Chicago Tribune accuses Illinois congressional candidate of plagiarism

Chicago Tribune accuses Illinois congressional candidate of plagiarism
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The Chicago Tribune on Wednesday accused a Republican congressional candidate of plagiarizing a newspaper article in an email soliciting campaign donations.

The article, which appeared online Friday and in the newspaper’s Monday print edition, discusses Gov. J.B. Pritzker’s (D) support for vote-by-mail options and logistical complications of the process.

The Tribune said the following passage from the article appears verbatim in an email from House GOP candidate Jeanne Ives, with the exception of "VBM" added in front of "advocates": “Even advocates acknowledge the need to allow people — among them those who don’t trust the post office — to show up at a polling place to cast their vote. There are also the added costs of printing, mailing, securing and counting mail-in ballots, as well as allowing for drop-off boxes for those who don’t believe their vote will be delivered in time."


Kathleen Murphy, Ives’s communication director, said she was responsible for the email text, telling the Tribune: “The line (that) was included is my fault, not Jeanne’s. I am the director of communication for the campaign, the content of an email is my responsibility.”

“That should have been cited — absolutely,” Murphy added, according to the Tribune. “Information gets pulled from different sources, and it was an oversight. We will review emails more carefully going forward.”

Ives is challenging Rep. Sean CastenSean CastenHouse fails to pass drug bill amid Jan. 6 tensions Democrats don't trust GOP on 1/6 commission: 'These people are dangerous' The Hill's 12:30 Report - Presented by Facebook - Divided House on full display MORE (D) for Illinois’s 6th Congressional District in the Chicago suburbs. The Cook Political Report lists the race as "likely Democratic."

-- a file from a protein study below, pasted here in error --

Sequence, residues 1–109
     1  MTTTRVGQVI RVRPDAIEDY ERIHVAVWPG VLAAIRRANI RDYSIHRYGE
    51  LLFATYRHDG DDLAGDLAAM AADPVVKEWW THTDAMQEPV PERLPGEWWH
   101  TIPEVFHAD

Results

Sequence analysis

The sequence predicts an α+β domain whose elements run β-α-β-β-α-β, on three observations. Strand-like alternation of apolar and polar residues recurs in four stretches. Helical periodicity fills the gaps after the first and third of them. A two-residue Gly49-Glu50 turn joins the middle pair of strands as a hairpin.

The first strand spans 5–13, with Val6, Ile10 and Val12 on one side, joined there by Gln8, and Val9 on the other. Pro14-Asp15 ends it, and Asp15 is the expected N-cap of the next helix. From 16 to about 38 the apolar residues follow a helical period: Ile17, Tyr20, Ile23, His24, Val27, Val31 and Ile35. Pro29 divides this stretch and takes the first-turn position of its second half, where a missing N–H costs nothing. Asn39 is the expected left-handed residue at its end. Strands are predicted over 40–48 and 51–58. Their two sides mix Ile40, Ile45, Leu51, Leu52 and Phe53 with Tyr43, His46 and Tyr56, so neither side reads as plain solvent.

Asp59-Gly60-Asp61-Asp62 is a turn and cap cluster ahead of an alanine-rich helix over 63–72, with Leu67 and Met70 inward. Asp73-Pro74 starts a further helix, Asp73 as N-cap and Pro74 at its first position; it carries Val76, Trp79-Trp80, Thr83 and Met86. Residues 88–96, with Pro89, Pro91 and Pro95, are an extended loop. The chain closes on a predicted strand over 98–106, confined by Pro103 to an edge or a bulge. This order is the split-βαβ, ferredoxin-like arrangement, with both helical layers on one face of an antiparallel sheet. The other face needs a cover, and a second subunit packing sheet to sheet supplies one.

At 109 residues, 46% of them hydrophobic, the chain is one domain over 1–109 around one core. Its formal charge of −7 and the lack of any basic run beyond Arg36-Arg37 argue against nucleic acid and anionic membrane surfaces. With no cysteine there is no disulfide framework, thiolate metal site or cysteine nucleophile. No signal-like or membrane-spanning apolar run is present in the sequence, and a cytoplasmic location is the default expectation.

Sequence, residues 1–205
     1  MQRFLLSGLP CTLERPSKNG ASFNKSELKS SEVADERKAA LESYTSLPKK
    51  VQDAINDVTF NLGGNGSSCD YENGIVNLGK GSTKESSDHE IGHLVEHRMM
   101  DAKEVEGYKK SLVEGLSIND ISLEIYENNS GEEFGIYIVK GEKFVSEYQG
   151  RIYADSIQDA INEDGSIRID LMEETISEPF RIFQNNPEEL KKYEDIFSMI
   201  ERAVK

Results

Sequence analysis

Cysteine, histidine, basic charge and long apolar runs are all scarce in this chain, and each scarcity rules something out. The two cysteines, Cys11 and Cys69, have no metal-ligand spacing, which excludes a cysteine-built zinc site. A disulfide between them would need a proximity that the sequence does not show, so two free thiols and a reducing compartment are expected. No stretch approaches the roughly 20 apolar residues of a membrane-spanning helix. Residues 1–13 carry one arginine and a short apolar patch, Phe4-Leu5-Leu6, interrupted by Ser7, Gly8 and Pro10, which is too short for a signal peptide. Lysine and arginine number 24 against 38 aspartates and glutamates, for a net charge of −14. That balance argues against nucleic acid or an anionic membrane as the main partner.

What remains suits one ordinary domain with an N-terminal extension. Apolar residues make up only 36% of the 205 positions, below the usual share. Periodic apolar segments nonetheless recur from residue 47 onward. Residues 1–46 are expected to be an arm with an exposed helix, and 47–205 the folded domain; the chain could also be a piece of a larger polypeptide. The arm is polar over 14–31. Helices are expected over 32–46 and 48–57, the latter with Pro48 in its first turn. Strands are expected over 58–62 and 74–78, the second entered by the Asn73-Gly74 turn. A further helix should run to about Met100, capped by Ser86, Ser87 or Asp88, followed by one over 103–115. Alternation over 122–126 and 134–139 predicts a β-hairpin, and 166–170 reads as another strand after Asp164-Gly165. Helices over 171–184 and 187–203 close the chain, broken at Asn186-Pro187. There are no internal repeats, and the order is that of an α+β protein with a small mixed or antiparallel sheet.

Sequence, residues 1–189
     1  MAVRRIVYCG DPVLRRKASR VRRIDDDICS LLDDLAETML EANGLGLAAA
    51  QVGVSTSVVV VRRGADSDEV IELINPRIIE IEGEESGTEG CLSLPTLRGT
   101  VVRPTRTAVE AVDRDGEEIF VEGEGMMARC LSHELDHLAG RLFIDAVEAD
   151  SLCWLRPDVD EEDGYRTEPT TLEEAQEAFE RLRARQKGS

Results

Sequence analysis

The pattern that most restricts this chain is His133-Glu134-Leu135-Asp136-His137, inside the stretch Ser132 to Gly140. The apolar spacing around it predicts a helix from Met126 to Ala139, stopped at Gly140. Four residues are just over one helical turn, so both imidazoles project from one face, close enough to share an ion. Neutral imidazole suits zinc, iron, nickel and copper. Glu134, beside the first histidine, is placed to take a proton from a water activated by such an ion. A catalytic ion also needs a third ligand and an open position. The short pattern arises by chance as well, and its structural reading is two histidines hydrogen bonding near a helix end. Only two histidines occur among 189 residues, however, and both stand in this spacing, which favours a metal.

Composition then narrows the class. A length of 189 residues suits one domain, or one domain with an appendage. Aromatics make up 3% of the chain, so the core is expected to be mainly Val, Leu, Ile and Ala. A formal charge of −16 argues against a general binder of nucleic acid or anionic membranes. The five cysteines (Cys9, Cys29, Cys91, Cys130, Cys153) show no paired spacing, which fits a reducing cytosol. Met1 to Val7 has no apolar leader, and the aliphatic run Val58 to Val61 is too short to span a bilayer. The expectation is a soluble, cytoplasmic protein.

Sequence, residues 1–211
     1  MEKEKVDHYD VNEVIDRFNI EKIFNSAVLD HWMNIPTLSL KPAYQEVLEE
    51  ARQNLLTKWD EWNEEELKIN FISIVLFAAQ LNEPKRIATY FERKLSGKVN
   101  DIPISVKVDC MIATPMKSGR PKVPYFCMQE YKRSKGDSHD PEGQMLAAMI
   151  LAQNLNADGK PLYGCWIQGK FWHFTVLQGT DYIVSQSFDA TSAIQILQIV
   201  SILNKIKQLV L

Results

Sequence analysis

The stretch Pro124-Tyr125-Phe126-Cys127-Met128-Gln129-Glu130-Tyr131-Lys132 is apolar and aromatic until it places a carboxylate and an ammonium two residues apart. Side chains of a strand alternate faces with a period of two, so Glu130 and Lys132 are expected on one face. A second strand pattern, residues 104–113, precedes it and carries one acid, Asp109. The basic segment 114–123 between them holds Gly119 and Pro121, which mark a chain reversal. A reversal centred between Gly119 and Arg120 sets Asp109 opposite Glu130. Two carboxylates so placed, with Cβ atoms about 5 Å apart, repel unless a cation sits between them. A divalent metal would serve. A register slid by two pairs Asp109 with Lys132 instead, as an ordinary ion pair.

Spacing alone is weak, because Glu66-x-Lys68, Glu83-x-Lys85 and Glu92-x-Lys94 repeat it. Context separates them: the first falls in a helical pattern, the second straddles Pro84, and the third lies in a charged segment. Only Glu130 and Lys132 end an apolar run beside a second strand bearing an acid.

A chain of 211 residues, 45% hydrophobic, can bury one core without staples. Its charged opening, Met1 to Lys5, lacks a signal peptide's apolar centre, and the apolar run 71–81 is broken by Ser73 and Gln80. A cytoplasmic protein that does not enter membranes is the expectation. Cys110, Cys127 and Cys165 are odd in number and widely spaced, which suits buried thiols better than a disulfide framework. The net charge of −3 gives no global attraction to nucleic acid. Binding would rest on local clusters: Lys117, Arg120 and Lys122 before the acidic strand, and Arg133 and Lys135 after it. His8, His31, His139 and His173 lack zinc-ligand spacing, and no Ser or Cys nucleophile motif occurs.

The campaign email alleged that the push for increased vote-by-mail was an attempt by Democrats to advance a “radical agenda,” saying, “While I understand the concerns about the impact of COVID-19, we can’t lose who we are as a country in the process. All Americans deserve to know that the results of our elections are legitimate and we cannot compromise the integrity of our elections.”

President TrumpDonald TrumpWhite House denies pausing military aid package to Ukraine Poll: 30 percent of GOP voters believe Trump will 'likely' be reinstated this year Black Secret Service agent told Trump it was offensive to hold rally in Tulsa on Juneteenth: report MORE has also frequently spoken out against voting by mail, claiming without supporting evidence that it is used to commit voter fraud. Trump voted by mail in this year's Florida GOP primary.

Ives, a former member of the Illinois House, unsuccessfully challenged then-Gov. Bruce Rauner (R) in the state's 2018 Republican primary.